Loss of historic Fayette farmhouse blamed on vandals
A fire likely started by vandals gutted a nearly 200-year-old mansion in Fayette County that is listed on the National Register of Historic Places.
Levi Springer built the house on his 389-acre farm in 1817 to serve as an inn for travelers on Route 40, but those plans faltered because the historic road was rerouted, said Chris Buckelew, president of the Fayette County Historical Society.
“It wasn't visible from the National Road, so they made it into a wonderful farm,” Buckelew said. “It's a tremendous loss.”
Hours after the blaze tore through the 14-room Springer House in North Union early Tuesday morning, its red bricks were still warm to the touch, and wisps of smoke rose from piles of ash and rubble.
A gentle breeze whipped at a portion of the building's metal roof, left bent and perched precariously over one side of the 2 ½-story building.
“If you would have seen this place before, it was beautiful,” said Roger Victor, a former deputy coroner who for decades has kept tabs on the house while tending to a nearby county cemetery. “Somebody needs to be held accountable for this.”
A state police fire marshal is investigating, but no details about what may have caused the blaze were available, according to Trooper Stefani Lucas.
Pointing to empty beer cans and aerosol canisters outside the smoldering building, Victor said the blaze likely was started by vandals. He said the secluded building, which is at the end of a dirt road outside Uniontown and not visible from nearby Route 40, has been a popular party spot for young adults for years.
Doors and windows were boarded up to deter parties, he said, but the break-ins recently escalated.
“They boarded it up and put up a gate, but they ripped it down,” Victor said, describing another fire within the past month at the house that caused less damage. “They had a party up there last night and started a fire in one of the fireplaces.”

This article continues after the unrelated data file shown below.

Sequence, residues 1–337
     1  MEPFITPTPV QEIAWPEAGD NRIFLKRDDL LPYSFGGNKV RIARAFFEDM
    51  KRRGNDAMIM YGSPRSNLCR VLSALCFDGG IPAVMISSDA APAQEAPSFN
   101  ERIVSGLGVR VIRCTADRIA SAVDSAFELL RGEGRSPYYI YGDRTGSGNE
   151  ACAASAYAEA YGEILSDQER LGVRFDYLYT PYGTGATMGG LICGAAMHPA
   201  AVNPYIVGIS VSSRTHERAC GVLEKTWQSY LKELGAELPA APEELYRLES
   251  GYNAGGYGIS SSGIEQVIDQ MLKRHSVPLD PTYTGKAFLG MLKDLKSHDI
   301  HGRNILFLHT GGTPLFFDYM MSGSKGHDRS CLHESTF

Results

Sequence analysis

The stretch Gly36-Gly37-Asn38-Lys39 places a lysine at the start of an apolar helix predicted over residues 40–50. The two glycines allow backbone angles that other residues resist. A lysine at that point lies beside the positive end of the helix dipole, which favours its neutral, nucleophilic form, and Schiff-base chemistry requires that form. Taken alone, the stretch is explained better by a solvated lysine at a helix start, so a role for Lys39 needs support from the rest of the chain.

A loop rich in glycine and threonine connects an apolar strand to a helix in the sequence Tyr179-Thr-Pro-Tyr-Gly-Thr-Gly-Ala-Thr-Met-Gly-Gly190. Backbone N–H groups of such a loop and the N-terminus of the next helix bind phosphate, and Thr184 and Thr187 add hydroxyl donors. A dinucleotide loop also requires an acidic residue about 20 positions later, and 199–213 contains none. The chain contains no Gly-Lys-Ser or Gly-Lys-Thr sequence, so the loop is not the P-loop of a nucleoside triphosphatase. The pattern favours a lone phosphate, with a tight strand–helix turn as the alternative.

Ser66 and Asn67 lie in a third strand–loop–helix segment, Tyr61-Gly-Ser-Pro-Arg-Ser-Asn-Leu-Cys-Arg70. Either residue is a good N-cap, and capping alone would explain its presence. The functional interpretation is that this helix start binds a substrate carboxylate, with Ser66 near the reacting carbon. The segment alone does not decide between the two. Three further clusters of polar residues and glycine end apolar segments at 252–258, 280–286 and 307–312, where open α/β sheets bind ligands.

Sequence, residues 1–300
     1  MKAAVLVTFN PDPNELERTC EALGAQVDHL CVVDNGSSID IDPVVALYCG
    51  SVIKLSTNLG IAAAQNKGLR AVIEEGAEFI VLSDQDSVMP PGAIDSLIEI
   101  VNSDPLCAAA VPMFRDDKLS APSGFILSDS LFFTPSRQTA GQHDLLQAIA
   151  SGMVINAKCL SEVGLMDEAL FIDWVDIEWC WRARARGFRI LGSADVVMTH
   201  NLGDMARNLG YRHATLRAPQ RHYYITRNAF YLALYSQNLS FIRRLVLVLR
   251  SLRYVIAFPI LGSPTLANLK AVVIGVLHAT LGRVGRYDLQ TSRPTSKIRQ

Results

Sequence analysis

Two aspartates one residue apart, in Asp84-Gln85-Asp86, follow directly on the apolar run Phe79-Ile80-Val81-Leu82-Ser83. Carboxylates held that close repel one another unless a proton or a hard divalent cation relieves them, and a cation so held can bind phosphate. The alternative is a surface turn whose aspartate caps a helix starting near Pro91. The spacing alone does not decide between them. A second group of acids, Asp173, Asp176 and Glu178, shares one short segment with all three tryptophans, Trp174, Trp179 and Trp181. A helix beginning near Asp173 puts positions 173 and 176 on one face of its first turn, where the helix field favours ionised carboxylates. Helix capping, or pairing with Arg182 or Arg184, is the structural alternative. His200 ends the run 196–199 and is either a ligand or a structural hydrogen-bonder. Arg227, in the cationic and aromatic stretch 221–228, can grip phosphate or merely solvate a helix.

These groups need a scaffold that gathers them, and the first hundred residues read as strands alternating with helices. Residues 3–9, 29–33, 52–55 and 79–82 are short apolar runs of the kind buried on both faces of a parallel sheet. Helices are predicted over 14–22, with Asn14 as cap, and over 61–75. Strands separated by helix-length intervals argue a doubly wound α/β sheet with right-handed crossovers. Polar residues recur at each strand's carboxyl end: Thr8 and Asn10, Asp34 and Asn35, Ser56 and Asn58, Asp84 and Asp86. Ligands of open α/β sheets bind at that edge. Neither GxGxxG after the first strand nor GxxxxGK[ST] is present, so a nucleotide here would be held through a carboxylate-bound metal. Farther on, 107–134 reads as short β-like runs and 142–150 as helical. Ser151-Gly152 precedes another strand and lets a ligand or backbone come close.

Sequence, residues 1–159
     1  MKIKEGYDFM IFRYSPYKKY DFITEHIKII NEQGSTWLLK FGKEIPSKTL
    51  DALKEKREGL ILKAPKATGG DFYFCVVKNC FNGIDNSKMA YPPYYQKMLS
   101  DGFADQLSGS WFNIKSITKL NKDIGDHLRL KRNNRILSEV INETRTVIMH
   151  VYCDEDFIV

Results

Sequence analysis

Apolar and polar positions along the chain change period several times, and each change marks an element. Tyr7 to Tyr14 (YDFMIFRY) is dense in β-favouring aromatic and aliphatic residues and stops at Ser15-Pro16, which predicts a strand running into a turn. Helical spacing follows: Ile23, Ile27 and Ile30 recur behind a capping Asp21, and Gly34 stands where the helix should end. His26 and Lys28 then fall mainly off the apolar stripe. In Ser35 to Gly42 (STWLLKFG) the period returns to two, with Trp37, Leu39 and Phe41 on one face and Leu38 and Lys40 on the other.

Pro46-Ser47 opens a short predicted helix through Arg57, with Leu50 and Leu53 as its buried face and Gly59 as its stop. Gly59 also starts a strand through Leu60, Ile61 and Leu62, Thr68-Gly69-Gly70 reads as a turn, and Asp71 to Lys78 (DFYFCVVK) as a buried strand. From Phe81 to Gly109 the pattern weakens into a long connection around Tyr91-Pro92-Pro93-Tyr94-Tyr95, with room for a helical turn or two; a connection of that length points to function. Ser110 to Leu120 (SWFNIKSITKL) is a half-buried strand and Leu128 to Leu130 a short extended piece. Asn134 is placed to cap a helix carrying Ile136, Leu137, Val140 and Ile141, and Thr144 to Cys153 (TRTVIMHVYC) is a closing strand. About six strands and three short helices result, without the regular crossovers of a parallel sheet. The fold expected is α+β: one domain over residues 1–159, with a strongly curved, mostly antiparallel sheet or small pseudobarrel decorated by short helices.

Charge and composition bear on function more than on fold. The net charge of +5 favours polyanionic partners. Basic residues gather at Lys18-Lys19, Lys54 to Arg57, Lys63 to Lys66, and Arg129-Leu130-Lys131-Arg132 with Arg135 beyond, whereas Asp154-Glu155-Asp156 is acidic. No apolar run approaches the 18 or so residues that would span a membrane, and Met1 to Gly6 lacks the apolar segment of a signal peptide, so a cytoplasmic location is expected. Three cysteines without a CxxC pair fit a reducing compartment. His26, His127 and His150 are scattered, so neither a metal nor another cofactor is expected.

The county once owned the building. Commissioner Vincent Zapotosky decried the destructive behavior that led to the fire.
“It was done by stupid individuals who should do more productive things in life than set buildings on fire,” Zapotosky said. “Somebody was there who shouldn't have been there, and this home, built in the 1800s, is no longer part of our rich history in Fayette County.”
Buckelew said although the historical society didn't own the structure, its members were hopeful it could one day be renovated.
Built decades before the Civil War, the house and surrounding farm were listed to the National Register of Historic Places in 1982. The county transferred ownership of the mansion to the Fayette County Redevelopment Authority in 2003, said Andrew French, executive director. A study at that time found that rehabilitation of the structure would cost $300,000 to $500,000, he said.
French said the building fell into disrepair when it drew no interest from developers. The cost to repair the house likely exceeded its value, he said.
A history buff, Victor said there is no chance the building can be renovated now.
“They're going to have to push this thing over,” he said Tuesday afternoon, as he surveyed the damage. “I'm hoping somebody does something with the stones so you'll at least have that.”
Liz Zemba is a staff writer for Trib Total Media.